We all know that you need a resume profile or summary section rather than an objective or qualifications section. But how do you write it effectively? Here are some tips that will get you moving in the right (write) direction.
- Do some reflecting before you start writing. What makes you stand out? You are not the sum total of your position title – how do you achieve success at work? What do you bring to the table? Besides the things that you do, how do your personality traits (who you are) influence the work you do? Hiring managers and recruiters want to see you stand out from the crowd.
- During your reflection, pick 2 or 3 job descriptions that interest you and mine them for keywords and phrases – how do the employers themselves word what they’re looking for? Compare and contrast the language and wording to what you have written and meld the two so that you know you’re answering job descriptions accurately (without directly copying.)
- Read what you have written. Does it sound like you? Choose your strongest points to highlight in your profile. Then choose back-up points – much like writing an essay, if you say you’re an effective leader, it will be much more believable if you back it up with facts like, “Effective leader who drives team engagement, creates a culture of excellence, and efficiently manages staff.” Save numbers and percentages for your bullet points.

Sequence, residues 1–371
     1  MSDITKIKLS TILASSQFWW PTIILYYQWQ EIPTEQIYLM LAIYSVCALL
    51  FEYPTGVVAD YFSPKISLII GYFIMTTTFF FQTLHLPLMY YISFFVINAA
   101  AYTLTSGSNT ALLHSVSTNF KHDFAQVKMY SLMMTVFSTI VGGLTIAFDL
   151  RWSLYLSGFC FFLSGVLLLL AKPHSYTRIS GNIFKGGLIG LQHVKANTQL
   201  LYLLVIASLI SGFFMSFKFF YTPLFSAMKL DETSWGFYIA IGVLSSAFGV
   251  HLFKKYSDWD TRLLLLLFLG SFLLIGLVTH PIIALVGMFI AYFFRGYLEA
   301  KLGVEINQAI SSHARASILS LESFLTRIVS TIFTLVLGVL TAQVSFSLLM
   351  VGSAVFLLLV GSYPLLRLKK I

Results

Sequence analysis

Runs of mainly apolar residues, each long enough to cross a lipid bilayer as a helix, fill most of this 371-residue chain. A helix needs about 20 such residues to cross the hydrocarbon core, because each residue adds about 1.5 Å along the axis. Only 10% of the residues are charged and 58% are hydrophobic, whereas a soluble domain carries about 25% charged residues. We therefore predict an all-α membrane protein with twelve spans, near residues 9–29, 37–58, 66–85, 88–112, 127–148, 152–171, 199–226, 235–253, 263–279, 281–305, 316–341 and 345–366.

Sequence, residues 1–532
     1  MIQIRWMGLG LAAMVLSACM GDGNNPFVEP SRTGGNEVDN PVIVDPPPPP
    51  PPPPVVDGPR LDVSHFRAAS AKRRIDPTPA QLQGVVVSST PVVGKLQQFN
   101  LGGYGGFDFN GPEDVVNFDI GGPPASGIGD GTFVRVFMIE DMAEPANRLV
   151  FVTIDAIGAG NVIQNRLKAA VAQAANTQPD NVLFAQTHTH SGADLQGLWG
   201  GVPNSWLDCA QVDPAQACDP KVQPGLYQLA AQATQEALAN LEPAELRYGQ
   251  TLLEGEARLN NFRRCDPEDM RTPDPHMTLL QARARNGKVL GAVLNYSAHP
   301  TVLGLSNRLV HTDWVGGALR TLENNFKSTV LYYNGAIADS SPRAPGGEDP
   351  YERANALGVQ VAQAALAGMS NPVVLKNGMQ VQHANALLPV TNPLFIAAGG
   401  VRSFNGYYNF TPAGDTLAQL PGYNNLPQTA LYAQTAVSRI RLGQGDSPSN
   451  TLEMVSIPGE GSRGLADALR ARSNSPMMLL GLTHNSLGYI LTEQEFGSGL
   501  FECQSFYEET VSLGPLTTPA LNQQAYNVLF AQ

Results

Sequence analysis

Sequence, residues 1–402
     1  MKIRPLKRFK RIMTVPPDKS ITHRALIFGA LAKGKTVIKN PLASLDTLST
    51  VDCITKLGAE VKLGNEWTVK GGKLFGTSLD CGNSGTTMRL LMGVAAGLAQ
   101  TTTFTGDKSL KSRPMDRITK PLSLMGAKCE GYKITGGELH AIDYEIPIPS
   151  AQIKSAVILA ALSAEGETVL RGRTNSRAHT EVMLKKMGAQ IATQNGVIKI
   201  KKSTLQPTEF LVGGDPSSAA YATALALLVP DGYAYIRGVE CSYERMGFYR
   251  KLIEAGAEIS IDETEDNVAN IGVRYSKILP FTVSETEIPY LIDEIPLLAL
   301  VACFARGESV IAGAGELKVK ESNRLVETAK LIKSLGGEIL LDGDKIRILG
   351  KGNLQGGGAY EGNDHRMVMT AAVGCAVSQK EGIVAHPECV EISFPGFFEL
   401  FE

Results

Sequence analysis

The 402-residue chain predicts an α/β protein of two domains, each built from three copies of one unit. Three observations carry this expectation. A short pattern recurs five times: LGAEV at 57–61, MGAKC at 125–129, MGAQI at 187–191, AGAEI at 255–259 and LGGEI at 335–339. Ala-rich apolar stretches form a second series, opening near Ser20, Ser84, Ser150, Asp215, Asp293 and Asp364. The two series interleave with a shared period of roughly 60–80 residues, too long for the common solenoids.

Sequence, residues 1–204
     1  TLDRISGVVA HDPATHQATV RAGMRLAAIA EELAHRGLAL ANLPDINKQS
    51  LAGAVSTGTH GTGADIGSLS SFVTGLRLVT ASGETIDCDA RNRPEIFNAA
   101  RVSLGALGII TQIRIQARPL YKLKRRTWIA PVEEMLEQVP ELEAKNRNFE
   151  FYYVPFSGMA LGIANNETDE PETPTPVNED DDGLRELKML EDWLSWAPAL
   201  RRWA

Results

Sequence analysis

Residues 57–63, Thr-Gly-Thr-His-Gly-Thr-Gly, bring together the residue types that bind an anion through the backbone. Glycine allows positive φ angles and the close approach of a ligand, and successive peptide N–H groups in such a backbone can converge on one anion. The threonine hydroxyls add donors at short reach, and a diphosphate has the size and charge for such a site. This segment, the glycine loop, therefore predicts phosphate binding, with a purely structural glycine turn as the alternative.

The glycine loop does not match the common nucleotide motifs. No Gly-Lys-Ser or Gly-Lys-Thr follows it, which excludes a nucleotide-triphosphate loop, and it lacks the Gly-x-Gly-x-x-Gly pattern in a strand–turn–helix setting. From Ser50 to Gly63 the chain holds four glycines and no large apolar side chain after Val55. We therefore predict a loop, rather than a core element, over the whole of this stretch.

- Tell the reader why you’re valued by your current and previous employers. “Able to manage crises with calm.” “Consistently recruited to lead projects to completion and build bridges among staff.” Beyond writing about who you are, tell the reader how you’ve provided value in the past and how you’ll provide value to them. How will you make their jobs easier?
- Don’t forget your audience. Hiring managers and recruiters don’t want to read the same thing twice – be succinct.
And with that I’ll end this article! Please reach out to me with questions or suggestions.